Wanting to expand his horizons, my father studied abroad, traveling to England where he encountered the Gospel's social implications. He brought a strong social conscience back to Hungary and began to assume responsibility for peripheral groups within society, demonstrating a strong sense of responsibility for the nation. For him, evangelization did not deal only with questions of personal faith; he searched for the benefits the Gospel brings to the whole of society. In my father’s view, evangelical service, preaching and spreading the gospel, were absolutely inseparable from the social part of his work. There was no separation between the two.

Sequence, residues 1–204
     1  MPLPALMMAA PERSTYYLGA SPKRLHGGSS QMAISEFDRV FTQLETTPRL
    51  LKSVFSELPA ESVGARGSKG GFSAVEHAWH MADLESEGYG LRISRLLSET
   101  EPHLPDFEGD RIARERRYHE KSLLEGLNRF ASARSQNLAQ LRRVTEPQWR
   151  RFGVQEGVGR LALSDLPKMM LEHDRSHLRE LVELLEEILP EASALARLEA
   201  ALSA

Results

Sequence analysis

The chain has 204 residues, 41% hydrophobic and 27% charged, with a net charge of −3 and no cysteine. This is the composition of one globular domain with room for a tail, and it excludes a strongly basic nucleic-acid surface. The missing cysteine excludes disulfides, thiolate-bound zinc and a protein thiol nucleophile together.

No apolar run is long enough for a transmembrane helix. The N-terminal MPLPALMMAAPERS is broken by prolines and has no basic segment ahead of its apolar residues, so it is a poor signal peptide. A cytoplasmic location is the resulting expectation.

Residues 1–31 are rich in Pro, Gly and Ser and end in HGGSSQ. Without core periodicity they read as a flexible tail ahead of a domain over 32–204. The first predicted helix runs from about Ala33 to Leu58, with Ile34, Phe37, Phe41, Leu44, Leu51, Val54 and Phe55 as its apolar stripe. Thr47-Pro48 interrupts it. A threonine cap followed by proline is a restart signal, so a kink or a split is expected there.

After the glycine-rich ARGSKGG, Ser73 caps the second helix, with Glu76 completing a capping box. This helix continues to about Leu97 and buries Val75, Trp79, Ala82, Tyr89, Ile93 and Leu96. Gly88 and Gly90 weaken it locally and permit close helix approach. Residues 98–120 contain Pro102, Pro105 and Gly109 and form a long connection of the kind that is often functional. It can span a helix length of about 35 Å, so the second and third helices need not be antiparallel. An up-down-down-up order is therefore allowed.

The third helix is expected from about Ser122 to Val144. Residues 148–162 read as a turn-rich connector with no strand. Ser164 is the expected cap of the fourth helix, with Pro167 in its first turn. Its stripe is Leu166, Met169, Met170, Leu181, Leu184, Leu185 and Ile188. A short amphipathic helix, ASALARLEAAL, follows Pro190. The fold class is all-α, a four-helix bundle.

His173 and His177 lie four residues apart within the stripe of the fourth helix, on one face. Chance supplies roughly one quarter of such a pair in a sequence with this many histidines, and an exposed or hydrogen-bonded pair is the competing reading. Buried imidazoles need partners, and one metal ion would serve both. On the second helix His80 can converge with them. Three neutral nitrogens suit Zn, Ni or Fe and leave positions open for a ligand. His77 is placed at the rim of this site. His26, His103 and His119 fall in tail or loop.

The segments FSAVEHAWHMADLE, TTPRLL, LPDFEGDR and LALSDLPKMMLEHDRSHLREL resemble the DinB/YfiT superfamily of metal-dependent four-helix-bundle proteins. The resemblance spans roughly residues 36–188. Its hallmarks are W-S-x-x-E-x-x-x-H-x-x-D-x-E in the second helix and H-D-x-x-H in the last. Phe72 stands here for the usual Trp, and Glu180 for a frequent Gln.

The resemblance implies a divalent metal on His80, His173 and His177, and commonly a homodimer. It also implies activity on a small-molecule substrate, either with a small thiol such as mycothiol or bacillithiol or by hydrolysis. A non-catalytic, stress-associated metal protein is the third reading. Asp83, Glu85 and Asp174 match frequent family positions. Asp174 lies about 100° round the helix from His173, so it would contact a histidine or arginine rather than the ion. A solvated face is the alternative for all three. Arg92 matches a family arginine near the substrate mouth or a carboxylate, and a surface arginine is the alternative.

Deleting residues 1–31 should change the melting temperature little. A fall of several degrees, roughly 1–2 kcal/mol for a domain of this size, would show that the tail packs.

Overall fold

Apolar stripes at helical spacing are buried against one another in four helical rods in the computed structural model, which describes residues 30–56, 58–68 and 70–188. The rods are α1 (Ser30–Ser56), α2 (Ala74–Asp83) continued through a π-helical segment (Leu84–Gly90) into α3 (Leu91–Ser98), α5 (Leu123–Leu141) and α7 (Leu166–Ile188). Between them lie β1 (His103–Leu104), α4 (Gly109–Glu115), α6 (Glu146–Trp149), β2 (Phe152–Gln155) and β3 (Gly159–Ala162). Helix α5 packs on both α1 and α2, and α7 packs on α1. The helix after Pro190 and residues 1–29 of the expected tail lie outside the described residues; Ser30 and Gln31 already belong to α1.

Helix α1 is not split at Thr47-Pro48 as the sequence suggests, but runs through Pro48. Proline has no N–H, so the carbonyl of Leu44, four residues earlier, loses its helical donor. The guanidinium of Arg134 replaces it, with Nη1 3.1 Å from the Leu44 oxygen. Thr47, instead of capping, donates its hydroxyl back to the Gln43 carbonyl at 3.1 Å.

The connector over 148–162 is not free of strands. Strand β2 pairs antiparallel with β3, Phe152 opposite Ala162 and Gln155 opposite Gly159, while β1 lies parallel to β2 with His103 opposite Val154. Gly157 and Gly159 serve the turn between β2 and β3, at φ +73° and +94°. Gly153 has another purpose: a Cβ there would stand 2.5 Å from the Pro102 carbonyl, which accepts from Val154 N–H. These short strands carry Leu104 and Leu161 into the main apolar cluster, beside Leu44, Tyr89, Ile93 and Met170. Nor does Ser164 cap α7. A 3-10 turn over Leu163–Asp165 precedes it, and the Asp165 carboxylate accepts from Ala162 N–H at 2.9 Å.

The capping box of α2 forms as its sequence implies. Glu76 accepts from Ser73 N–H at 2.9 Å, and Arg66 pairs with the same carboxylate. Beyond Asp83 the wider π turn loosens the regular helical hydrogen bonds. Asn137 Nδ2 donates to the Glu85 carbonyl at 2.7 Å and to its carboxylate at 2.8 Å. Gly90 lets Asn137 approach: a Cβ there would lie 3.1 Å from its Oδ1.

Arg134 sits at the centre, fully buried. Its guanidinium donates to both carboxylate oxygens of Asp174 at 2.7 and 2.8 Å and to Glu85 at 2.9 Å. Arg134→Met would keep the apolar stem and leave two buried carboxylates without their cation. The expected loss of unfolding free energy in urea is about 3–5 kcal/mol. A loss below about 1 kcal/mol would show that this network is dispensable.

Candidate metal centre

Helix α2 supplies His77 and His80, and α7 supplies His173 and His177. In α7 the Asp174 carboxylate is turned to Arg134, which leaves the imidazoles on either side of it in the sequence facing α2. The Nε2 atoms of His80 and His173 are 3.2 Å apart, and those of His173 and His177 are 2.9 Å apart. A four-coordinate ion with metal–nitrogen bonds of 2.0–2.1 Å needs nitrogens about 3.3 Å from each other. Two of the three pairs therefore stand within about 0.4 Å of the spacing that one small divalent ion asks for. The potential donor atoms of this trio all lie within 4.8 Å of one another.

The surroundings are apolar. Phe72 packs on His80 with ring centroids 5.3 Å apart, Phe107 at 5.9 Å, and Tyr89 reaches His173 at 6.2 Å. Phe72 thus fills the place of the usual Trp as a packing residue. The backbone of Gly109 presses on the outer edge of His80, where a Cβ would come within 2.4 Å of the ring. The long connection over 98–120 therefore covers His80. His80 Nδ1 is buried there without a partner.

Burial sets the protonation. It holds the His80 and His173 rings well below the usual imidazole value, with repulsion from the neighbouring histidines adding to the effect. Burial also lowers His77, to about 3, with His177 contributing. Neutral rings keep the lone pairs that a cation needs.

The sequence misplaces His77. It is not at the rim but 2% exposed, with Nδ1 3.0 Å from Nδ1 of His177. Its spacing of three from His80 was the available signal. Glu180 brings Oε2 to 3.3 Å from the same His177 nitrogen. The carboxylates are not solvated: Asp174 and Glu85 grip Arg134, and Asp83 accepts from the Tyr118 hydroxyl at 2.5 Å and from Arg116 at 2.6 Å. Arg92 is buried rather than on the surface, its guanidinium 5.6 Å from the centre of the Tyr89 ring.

My mother’s calling was to heal and serve within her small, local community. As an orphan child, she had been sent to live at the Debrecen Diakonal Center where the director and his wife took her in and raised her together with their seven – or eight – children. Being an orphan helped her empathize with the troubles of others; she was called to help the helpless and often worked in the slums in Debrecen. Later she became the diakonal assistant of Imre Revesz who was the pastor in the big church in Debrecen at that time. It was a great thing for my father that he married my mother, a diakonisa who was working in the church outreach center in Debrecen.